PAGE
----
Never have we been more in need of heroes.

In 1968, Simon and Garfunkel yearned for Joe Dimaggio. In 1977, "Star Wars" offered a new hope.  In 2016 Yu-Gi-Oh — the wildly popular Japanese collectible card game — proclaimed that a new hero was rising. We are always looking for heroes. Heroes represent the best of us and help us to see the best in ourselves. In today's moment, we desperately need to believe in ourselves, and to do so there must be those that we can look up to and believe in.

Today's social justice moment has dismantled heroes that have previously long been revered. Perhaps this is a good thing. Revisiting history is a process of promulgating a national consciousness that acknowledges hard truths. Those truths can sometimes be bitter to swallow.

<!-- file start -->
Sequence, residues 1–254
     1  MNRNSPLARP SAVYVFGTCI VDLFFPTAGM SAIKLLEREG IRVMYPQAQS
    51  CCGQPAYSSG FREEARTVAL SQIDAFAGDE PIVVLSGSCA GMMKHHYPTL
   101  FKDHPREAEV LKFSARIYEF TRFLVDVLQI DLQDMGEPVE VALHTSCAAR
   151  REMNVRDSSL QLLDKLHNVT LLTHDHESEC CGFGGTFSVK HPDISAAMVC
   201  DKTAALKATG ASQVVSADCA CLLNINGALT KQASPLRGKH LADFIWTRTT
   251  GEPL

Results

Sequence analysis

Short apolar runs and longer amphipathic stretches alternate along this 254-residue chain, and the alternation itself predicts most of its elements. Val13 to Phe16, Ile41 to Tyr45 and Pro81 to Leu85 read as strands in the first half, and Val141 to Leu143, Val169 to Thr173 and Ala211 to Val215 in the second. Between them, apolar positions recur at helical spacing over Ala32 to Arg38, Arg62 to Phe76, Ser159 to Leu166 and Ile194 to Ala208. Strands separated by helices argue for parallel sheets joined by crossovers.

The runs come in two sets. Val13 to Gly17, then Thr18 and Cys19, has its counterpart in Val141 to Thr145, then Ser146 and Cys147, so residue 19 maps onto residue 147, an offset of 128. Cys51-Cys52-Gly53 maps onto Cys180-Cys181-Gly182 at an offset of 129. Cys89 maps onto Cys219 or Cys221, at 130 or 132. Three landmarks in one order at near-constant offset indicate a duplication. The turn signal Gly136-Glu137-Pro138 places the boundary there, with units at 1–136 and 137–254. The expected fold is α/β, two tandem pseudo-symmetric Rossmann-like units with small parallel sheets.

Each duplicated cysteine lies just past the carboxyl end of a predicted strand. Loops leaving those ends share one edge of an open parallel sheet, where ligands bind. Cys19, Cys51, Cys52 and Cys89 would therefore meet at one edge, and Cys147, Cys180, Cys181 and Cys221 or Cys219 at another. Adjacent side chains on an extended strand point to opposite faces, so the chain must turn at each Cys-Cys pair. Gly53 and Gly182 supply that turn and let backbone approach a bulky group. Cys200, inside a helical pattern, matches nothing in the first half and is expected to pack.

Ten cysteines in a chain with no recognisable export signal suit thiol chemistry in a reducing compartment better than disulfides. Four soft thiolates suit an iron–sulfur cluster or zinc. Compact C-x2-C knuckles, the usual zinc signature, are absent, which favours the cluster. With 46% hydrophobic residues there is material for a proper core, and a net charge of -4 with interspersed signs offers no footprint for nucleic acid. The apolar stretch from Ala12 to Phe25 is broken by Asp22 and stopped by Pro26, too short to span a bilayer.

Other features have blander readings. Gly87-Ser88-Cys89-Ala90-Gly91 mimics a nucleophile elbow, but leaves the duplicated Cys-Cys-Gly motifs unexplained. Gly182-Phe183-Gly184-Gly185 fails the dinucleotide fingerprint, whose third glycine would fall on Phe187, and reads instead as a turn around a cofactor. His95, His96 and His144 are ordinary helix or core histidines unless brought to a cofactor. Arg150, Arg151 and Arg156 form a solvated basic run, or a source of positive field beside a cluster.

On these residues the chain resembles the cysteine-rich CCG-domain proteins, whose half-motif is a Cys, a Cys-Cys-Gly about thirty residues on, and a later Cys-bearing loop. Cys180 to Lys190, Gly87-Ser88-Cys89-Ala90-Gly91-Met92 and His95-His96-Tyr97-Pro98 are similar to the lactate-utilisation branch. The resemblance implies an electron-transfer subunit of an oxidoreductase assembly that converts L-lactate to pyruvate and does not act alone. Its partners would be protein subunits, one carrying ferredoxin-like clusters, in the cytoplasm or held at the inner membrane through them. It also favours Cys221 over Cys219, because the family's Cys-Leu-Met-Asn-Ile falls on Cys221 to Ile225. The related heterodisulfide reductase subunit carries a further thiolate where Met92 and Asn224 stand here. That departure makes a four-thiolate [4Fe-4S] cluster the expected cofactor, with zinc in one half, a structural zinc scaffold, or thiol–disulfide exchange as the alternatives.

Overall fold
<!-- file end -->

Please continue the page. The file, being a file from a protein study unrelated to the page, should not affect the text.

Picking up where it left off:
Today's political moment has diminished trust in institutions long-held to be our protectors and arbiters of progress. Not only is trust in political institutions disintegrating, but trust in those that supposedly shepherd those institutions is also downright decomposing.

Today's public health moment terrifies the old and young alike — social ties broken, free movement restricted, economies splintered, opportunities evaporated and lives lost. For the first time in two generations, we are scared. We are scared to leave our house, to visit our grandparents and to greet strangers and friends alike.

And this is only a partial list.

I say again: never have we been more in need of heroes.

Heroes have always been important. They have been held out as representing the best of us throughout our past, present and future. All cultures commit to profiling and proclaiming them and this is not coincidental. We do this because it fulfills certain social and psychological needs.